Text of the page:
Posted tagged ‘repairs’

Having the RIGHT Spare Parts are Vital to Your Total Maintenance Program

June 17, 2015

Spare Parts Vital for Maintenance“I need that part tomorrow morning. Can you ship it UPS RED?”

We hear that request often at Innovative-IDM, and we are happy to oblige when a maintenance manager needs a part quickly. But we sometimes ask: “Why not go ahead and purchase TWO of them. One for now, and one for the NEXT time the machine breaks?”

Ah yes, spare parts. Walk into any maintenance store room and you’ll likely see they have something in common: plenty of spare parts. But are they the RIGHT spare parts? The ones that cause you the most trouble?

Having the right spare parts in your store room helps you establish an effective Total Productive Maintenance (TPM) program. A Total Productive Maintenance program means you need to invest ahead of time in your maintenance program, not just troubleshoot after things go wrong.

When your machine is down, you’re losing money. Worse yet, if the broken machine is a “bottleneck machine”(all production flows through it), then you’ve got a total productivity SNAFU on your hands. It’s a worst-case scenario.

Before your equipment breaks down, invest in spare parts for your store room. Spare industrial repair parts may seem like misplaced resources as they sit and gather dust. But having them on hand when failure strikes is priceless.

When planning your parts store room, consider stocking parts not readily available within 24 hours. Consider parts that have caused you problems in the past. Check your equipment’s operating manual for a recommended spare parts list. Keeping equipment repair histories on hand will help you decide what parts are commonly used for repairs. For instance, if your industrial controls system cooling fans go out frequently, it makes sense to keep a ready supply fan repair parts available.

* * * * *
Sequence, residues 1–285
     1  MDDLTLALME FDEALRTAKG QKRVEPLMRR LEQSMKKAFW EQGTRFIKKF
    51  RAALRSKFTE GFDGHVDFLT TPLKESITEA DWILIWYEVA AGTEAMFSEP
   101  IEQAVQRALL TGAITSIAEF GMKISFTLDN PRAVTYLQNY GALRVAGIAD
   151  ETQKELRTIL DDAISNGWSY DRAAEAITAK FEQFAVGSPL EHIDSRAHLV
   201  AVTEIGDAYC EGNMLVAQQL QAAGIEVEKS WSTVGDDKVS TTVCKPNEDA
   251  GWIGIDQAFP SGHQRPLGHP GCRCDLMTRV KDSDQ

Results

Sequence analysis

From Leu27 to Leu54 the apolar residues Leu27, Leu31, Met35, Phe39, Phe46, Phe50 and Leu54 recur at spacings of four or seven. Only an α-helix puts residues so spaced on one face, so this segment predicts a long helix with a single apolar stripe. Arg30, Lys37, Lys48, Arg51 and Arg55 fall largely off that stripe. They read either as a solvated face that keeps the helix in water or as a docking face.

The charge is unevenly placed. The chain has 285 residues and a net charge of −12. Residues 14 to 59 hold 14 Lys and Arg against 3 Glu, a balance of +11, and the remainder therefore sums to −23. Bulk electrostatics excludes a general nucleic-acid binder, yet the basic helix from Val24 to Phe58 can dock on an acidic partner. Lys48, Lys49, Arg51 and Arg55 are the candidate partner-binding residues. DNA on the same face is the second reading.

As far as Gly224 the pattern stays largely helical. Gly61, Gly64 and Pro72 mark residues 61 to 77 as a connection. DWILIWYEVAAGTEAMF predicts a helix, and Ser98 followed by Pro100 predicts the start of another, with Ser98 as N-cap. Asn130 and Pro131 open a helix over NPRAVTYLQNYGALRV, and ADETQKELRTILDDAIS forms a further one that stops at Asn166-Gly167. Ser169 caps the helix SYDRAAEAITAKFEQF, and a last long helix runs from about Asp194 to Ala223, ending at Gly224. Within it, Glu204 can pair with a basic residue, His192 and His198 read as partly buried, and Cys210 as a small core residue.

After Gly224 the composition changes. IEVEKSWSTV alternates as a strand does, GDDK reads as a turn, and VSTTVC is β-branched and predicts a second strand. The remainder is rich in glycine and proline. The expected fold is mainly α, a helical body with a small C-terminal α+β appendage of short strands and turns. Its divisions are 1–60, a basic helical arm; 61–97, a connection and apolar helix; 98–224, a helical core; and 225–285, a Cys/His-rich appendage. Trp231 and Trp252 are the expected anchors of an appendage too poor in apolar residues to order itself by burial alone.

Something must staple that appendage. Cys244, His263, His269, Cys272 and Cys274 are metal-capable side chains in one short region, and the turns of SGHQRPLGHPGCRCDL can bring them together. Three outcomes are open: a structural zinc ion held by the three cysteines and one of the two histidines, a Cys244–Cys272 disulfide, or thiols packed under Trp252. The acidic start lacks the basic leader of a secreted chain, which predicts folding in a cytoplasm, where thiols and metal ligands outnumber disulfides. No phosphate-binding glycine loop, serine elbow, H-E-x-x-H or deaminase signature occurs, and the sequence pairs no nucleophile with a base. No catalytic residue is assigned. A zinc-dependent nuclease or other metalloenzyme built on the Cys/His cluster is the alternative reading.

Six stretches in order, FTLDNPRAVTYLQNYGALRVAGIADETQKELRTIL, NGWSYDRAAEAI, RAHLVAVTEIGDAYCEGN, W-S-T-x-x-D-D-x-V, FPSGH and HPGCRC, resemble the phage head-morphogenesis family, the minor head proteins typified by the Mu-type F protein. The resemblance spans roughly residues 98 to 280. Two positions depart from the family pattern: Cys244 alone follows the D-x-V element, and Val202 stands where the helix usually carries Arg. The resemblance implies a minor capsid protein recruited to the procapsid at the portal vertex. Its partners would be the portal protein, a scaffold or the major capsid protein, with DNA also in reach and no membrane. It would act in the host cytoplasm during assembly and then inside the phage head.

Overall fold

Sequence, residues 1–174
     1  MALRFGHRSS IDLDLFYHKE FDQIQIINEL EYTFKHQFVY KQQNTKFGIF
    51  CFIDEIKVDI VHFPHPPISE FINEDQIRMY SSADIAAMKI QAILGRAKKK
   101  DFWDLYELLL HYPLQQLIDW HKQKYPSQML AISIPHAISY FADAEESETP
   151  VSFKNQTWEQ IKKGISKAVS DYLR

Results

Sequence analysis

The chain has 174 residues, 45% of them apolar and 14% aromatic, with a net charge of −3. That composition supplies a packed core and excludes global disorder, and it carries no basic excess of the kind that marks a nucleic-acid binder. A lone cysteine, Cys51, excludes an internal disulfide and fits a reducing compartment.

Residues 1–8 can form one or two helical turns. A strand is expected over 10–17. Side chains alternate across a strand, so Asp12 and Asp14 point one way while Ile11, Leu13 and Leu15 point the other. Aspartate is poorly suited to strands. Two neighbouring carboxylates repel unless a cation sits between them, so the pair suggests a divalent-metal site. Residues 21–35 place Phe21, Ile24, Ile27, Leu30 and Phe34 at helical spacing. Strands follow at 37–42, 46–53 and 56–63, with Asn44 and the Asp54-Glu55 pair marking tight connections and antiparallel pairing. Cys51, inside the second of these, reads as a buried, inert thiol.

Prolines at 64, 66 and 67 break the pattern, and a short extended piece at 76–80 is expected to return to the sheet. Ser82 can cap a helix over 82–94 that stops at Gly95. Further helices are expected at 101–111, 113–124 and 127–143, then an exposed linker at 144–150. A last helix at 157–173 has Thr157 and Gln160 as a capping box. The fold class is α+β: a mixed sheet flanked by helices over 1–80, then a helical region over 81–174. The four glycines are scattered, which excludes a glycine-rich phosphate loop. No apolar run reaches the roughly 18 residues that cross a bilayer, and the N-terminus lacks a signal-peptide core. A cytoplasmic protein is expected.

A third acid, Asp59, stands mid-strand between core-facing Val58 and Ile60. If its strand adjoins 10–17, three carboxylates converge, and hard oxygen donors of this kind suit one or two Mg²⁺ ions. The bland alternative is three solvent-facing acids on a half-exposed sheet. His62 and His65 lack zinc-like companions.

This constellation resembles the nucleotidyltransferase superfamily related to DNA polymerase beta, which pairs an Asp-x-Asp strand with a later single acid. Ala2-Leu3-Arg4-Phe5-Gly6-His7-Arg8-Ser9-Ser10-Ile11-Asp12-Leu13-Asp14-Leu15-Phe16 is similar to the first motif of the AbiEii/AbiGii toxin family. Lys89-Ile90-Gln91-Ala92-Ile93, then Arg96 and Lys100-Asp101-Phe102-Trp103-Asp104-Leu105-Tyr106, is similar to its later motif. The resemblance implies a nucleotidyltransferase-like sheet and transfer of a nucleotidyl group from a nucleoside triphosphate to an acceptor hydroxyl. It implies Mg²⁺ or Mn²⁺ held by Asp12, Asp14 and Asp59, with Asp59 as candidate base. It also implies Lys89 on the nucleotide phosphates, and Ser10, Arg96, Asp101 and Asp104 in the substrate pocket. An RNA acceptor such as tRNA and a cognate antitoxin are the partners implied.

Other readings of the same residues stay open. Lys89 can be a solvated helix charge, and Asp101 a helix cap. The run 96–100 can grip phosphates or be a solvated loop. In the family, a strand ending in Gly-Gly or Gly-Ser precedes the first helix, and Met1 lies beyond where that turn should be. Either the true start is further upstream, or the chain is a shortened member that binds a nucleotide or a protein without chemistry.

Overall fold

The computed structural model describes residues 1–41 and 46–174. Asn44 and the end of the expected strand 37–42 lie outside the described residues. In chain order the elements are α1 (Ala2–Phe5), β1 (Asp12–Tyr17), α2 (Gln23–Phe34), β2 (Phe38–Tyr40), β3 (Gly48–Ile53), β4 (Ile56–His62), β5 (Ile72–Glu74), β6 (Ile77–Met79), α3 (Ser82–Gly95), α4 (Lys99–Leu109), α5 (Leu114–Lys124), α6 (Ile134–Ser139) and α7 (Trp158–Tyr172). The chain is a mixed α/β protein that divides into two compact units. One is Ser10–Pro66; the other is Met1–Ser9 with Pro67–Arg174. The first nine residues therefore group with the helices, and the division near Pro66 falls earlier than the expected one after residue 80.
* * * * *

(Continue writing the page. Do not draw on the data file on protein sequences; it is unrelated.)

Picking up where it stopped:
Talk to your repair colleagues, too. They know the equipment and should play a vital role in developing a spare parts strategy. Listen to their needs and ask them to help identify your current strategy’s shortcomings. If your team lacks repair equipment or training, all the spare parts in the world will be worth nothing. Make sure your staff has everything they need for the job, including offsite training when needed.

Spare parts are an overlooked facet of many TPM programs. Preventative maintenance helps ensure your equipment lasts. But inevitably, friction, heat and other factors will cause failure. Minimize your downtime with an effective and well-planned spare parts program that will leave you with one less thing to worry about. — Robert Dominguez